Archive for August, 2011

The band’s bassist spills all about Obama’s re-election, the band’s approach to a new record, and Justin Bieber.

Regarding High Violet‘s success:

What’s taken you more by surprise — the critical acclaim or a gold record?

A little of both, I guess. We never know when we finish records how they’re going to be perceived. We’re really happy with both things — that people have really enjoyed the record, and the critical acclaim for it has been a nice surprise, too.

Click below to read the rest of the interview and for the tour dates



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yesterday, The National hit England’s Reading Festival, and hard.

here’s a video of “England”:

watch highlights and view pictures of The National at Reading’s Official Website

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Bryce Dessner + Bon Iver + St Vincent performing “Roslyn”

and, an oldie from a Dark was the Night benefit gig two years ago where Matt Berninger sings “Big Red Machine” with Justin Vernon:

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As we well know, the boys of The National always have their hands full with various musical projects. Much of the time, these projects deal with classically-inclined orchestra-type albums

via NPR:

Barlande tells the musical story of a father and son: Pedro Soler and Gaspar Claus, who represent two generations separated by four decades. It combines an ancient way of playing flamenco guitar with a non-traditional approach to cello. It’s music that’s at once quiet and intense. It’s an album of acoustic improvisations, released by a label known primarily for electronica — and produced by a man behind both a popular indie-rock band and an acclaimed classical chamber ensemble. It’s remarkable.

The album was produced by Bryce and recorded in The National’s studio. listen to it on NPR’s website

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They write:

8. Bryan Devendorf, drums; Scott Devendorf, bass (The National)

The National’s rhythm section has the ultimate leg-up when it comes to locking perfectly—It’s made up of two brothers. While the two aren’t the most explosive or hard-hitting duo, the Devendorf brothers are master students in the school of dynamics. Every note and beat played is as carefully anticipated, executed and sustained as the one before it. The Devendorf brothers can sound huge and uplifting (“Bloodbuzz Ohio,” “Abel”), reserved (“Vanderlyle Crybaby Geeks”), and melodramatic (“Fake Empire”) all within a 15-minute span of a set. Without the two, The National’s layered melodies and baritone moans would lose their grandeur, and elegance — and that would be a terrible thing.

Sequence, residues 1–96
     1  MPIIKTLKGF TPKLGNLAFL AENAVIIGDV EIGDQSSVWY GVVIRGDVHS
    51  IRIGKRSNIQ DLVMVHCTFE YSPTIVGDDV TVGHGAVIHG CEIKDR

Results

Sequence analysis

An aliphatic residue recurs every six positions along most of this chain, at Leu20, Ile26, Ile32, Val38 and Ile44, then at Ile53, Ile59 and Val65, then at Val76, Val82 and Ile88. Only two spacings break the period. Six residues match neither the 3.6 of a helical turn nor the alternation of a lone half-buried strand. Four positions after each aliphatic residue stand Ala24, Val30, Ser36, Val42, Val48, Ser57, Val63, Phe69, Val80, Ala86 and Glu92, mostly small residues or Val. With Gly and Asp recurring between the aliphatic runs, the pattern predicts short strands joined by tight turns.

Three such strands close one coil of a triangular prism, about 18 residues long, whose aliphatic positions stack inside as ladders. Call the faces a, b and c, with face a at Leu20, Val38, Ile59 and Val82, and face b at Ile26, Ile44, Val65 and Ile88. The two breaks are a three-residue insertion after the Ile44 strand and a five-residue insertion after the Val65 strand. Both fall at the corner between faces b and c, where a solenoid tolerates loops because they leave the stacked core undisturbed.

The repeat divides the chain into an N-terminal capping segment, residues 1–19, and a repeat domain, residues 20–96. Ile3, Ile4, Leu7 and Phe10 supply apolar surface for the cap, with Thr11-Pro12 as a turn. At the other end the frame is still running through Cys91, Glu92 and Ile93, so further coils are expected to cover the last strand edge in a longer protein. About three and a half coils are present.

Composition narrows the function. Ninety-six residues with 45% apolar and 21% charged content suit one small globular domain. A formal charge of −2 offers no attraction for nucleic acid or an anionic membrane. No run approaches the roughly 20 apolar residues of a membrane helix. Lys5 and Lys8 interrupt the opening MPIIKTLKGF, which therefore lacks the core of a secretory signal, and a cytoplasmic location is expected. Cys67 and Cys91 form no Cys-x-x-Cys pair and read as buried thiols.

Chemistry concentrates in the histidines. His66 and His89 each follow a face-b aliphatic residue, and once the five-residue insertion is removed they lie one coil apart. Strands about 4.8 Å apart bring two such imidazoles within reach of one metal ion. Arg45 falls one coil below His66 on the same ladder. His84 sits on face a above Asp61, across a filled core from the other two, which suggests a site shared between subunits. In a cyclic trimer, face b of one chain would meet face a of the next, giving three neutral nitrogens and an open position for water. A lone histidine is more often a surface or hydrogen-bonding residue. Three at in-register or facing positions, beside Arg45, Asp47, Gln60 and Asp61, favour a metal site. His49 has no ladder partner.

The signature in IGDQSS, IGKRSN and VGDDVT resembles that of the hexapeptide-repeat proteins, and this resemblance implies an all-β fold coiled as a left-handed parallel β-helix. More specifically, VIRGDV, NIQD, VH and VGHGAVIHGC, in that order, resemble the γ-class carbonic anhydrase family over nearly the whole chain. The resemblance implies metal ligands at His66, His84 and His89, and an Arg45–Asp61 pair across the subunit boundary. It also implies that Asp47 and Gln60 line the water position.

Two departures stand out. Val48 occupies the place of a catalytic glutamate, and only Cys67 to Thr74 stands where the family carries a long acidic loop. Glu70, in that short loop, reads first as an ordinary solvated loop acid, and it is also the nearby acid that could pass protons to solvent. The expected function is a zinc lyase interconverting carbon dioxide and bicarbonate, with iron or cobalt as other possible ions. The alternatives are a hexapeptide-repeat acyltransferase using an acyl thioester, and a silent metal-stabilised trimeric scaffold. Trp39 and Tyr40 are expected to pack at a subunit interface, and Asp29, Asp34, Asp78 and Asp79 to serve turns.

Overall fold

Defining moments: “Bloodbuzz Ohio,” “Anyone’s Ghost,” “Abel,” “Squalor Victoria” 



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I think we’ve all watched the spectacular video above of “Mr November” at Lollapalooza last year (“I won’t mess us over!”), but recently, it’s also garnered some attention from the writers at Grantland. Chris Jones writes:

This clip features the National playing their song “Mr. November” at last year’s Lollapalooza. More specifically, it features the greatest moment in YouTube’s short history of live rock’n’roll.

You might think I’m referring to the exchange mentioned in the video’s title, wherein lead singer Matt Berninger walks seemingly along the top of a hedge, like a topiary Jesus, and sings the opening chorus to a little girl. You would be mistaken. That moment, in fact, is pretty anti-rock: Berninger realizes that he’s screaming the word “fuck” in the face of a delicate porcelain doll and changes midstream to “I won’t mess us over,” which is pretty dad of him, but which isn’t quite the same thing.

(“Mr. November” is an awesome song, by the way. It’s more straight-ahead than most of the National’s stuff, both musically and lyrically, but “I used to be carried in the arms of cheerleaders” is one of the most heartbreaking lines in the recent history of American music, though not quite as heartbreaking as the moment Bruno Mars informs us that he’s not going to answer the phone today, because he’s not feeling particularly productive.)

But then: Berninger drops into the crowd. Our amateur cameraman can see only the top of Berninger’s distant head, so he turns to film the big screen beside the stage. And then the cameraman’s hands begin to shake, as though there’s a tremor riding through. In an instant of perfect timing, micro-geography, and circumstance, he turns back, looking straight into the faces of Berninger and his most proximate fans, who are just then launching into the chorus as it was written, all of them screaming “I won’t fuck us over!” at each other and really seeming to mean it. (Check out the dude in the singlet.)

The 2:29 mark of this video is a spectacular, spontaneous confluence of music and heart, which doesn’t happen nearly often enough anymore. But when it does—

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Earlier this year, The National released “Exile Vilify” for a video game called Portal 2, released by the Valve Corporation. Afterwards, there was a promotional contest in which fans were asked to create a video representing the song, game, or both.  Nearly three hundred people entered videos for consideration. In the end, Valve and The National couldn’t decide which of the following two videos they loved the most, so they awarded both contestants the first place prize.

Watch below:


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